Companies are increasingly looking overseas for new suppliers who can offer competitive pricing on raw materials, components and general business consumables. When you take into account language barriers and different ways of doing business it is inevitable that things go wrong and the supply chain can come under threat. So what steps should companies looking for new suppliers take to make sure they get it right?
It’s important to draw up a list of potential suppliers and then to carry out due diligence on the company and its directors. Ask for bank and trade references and follow them up. Once you have a short list of potential suppliers, contact them and request a quotation. Ask them to state prices and the applicable Incoterms® rule; they should also indicate if any discounts are available for volume and early settlement. Be sure to ask for the manufacturing lead-time and the transit time separately; suppliers can be guilty of quoting the shipping time but forget to tell you it might take a month to manufacture the goods.
Be clear on the payment terms and method. Make sure that any bank account details provided for payment relate to a business account rather than a personal account to avoid getting involved in a potentially fraudulent transaction. You should also request sufficient samples of each product to allow you to adequately test them to make sure they meet your quality standards.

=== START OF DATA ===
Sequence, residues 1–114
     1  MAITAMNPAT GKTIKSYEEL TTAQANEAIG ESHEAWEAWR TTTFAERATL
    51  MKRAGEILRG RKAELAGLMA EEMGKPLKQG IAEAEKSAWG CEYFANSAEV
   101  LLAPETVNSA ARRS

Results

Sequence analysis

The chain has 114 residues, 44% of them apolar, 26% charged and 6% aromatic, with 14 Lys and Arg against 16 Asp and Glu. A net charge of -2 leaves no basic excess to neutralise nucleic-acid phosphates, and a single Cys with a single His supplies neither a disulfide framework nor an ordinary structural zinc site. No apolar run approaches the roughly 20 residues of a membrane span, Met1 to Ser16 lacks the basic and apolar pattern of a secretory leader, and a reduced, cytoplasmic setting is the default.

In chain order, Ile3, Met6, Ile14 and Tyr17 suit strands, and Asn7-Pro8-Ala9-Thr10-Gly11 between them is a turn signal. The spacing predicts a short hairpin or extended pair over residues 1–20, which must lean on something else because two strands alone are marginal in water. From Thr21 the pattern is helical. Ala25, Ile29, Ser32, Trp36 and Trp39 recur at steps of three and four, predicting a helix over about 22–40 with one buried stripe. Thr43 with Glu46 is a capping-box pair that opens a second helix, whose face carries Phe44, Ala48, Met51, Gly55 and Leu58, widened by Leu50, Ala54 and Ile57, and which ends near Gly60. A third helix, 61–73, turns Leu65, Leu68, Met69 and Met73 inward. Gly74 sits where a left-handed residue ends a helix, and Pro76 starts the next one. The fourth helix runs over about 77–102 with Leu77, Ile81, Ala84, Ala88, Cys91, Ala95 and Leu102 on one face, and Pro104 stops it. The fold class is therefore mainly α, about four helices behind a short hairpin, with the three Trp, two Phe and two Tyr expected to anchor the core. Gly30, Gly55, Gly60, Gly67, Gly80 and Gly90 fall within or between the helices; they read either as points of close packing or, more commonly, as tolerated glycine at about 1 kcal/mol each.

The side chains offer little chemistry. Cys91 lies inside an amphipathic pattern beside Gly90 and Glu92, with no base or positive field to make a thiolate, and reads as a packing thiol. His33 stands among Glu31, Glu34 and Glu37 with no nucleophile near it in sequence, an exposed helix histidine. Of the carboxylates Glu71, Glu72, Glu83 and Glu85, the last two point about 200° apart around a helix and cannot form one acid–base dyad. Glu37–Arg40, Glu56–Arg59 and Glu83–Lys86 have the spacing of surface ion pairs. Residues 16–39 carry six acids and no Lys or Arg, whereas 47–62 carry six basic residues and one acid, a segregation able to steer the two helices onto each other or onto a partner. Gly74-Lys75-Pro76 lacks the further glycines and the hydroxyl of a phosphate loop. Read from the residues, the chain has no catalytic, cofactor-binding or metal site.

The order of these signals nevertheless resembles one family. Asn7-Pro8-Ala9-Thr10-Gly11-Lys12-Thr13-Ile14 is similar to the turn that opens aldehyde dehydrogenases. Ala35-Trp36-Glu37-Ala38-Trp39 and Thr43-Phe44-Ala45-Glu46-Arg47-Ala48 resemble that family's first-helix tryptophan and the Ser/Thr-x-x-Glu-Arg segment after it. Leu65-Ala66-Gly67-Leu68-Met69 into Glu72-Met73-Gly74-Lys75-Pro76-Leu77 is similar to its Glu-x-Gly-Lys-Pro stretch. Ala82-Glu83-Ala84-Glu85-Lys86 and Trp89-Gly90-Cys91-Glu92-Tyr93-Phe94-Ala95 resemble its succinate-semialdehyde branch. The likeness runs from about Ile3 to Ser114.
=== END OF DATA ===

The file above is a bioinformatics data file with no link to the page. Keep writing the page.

The decision to put an agreement in place with a new supplier shouldn’t just be based on the product and the price. You should also take the following factors into account:
Ease of communication – do you or your potential supplier have at least one member of staff who can communicate adequately in the other’s language? This is important to make sure there are no misunderstandings which could be expensive.
Size of company – is the company large enough to manage your requirements and how would they handle a significant increase in orders from you?
Stability – find out how long the company has been trading and how well established they are. It is also worth checking to see how long they have been manufacturing the products/components that you wish to procure. If they frequently change their product range to meet demand for the latest must have item, perhaps they can’t really offer you the supply chain security that you require.
Location – are they located near to an airport or a seaport which allows for easy and fast transit?
Innovation – are they constantly seeking to improve their offering by refining the design of the product or by adapting the manufacturing process to get the benefit of cost savings which can then be passed on to you?
Of course, once you have found your new supplier, it is important to hold regular review meetings with them, even if this is just a monthly phone call. This allows both parties to build a stronger relationship and provides an opportunity to discuss any known future events that might impact on supply and demand.